Friendly message from the police, and with an “official” summons at that.

What’s suspicious about this report was written directly by its recipient, our colleague and administrator of bartan servers, Jano:

  • Mr. Hamran starts his email with a “Hello”, I think he considers me a friend.
  • He respects me, but threatens me with force (police). 
  • It’s signed as “Dr Štefan Hamran”.
  • In the text it says “I am a colonel…” and he probably wouldn’t really present himself in an official letter like that.
  • When it comes to child pornography, they can infiltrate my computer, apparently without evidence.
  • I’ll be interrogated by email.
  • Maroš Žilinka is a specialist in cybercrime.
  • I’ll be registered as a sex offender and my photo will be published in the media.
  • They’re looking forward to my reasons, probably to have fun with them too.
  • Grammatical and stylistic errors are a separate chapter to consider.
  • And the cherry on top is the personal stamp “Štefan Hamran”, not the stamp of the police.

The official Facebook page of the Police of the Slovak Republic points out this and other frauds we have recently encountered.

Fraud with a human face

Lastly, we’d like to draw your attention to the recurring, but very difficult to detect, scam that you may encounter on social networks. Our colleague, who’d like to remain anonymous, writes about his personal experience:

I encountered this kind of scam for the first time last year when I created an Instagram profile, where I was contacted by a woman from the US. She started to follow me and text me and after a few messages, she sent me a picture from the bathroom and asked for a picture of me. At this point, I started to look for what was going on on the Internet…

The second case also happened on Instagram when a female account that looked completely normal started to follow me. The lady was going to a shooting range, so we wrote about it, and then she sent me her number and started asking for mine and for some other personal data.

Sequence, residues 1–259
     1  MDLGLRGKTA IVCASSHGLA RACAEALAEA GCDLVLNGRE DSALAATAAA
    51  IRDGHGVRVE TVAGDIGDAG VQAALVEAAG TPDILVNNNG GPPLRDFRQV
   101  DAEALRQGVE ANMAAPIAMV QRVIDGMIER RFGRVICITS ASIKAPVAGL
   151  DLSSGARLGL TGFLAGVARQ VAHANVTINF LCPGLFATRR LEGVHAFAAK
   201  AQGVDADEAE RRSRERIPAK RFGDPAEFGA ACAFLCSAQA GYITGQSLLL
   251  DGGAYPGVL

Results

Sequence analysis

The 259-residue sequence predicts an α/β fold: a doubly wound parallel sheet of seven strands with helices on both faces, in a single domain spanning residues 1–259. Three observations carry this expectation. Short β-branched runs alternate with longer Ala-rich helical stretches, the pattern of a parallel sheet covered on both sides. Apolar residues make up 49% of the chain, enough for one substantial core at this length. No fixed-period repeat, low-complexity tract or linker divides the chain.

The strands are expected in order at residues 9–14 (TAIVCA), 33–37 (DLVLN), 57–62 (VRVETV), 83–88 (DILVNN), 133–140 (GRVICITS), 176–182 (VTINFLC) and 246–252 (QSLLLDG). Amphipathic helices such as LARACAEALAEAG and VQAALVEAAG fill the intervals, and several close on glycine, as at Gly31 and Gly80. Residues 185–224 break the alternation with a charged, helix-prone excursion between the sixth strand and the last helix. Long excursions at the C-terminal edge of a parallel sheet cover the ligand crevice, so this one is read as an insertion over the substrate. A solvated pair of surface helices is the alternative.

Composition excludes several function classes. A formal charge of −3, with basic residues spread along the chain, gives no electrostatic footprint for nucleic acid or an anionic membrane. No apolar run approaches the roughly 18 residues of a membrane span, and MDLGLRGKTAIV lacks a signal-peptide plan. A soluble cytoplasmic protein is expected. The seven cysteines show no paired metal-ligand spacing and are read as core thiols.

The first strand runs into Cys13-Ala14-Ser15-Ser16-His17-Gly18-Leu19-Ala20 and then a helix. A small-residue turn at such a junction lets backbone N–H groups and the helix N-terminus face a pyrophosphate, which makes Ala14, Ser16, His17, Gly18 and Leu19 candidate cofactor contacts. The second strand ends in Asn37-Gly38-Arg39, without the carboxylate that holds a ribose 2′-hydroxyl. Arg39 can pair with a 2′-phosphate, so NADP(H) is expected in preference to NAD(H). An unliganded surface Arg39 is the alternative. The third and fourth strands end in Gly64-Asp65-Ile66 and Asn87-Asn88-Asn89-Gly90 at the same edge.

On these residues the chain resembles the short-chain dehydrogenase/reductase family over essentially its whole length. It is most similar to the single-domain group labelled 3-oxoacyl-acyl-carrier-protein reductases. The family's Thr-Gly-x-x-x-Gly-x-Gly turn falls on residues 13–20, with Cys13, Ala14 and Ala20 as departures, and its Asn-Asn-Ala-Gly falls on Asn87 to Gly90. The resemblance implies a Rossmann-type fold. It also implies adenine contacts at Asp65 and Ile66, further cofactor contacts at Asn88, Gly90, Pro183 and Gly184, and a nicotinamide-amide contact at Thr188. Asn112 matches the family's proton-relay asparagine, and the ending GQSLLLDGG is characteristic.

And the third story that happened to me is that I was contacted by a lady who claimed that although she isn’t from Slovakia, she’s in Slovakia because she’s opening a franchise restaurant, and she needs to safely transfer certain amounts of money through my account to the next…

What these people were planning, I learned from the Internet when I was looking for information about it: 

  • Lure out photos and then ask for money for not publishing them.
  • Create an emotional relationship (albeit remotely) and start luring money (someone close to me is in a hospital, I need help, etc.).
  • Obtain personal information, phone number, email, anything that can be misused.
  • Persuade someone to invest in cryptocurrencies and so on.

In such cases, it’s difficult to determine that it’s a fraud. A normal person sits on the other side of the computer, not artificial intelligence or a chat-bot. They’re trained in communication, have good grammar and speech. But they write only in English and the structure they conduct the conversation in is essentially identical with every type of fraud. Therefore, it’s enough to persevere, not to send anything, and time will certainly reveal the true character of the deceiver. Fortunately, I was careful and was able to block everything in time. But I’ve been very careful on the Internet ever since.

We advise you to do the same. Check every message or link on Google before you take any action. And don’t be intimidated. When someone asks you for something, you have the right to ask why. And if they don’t have an adequate answer, then they’re certainly not entitled to your data.

P.S. Don’t be like Nick.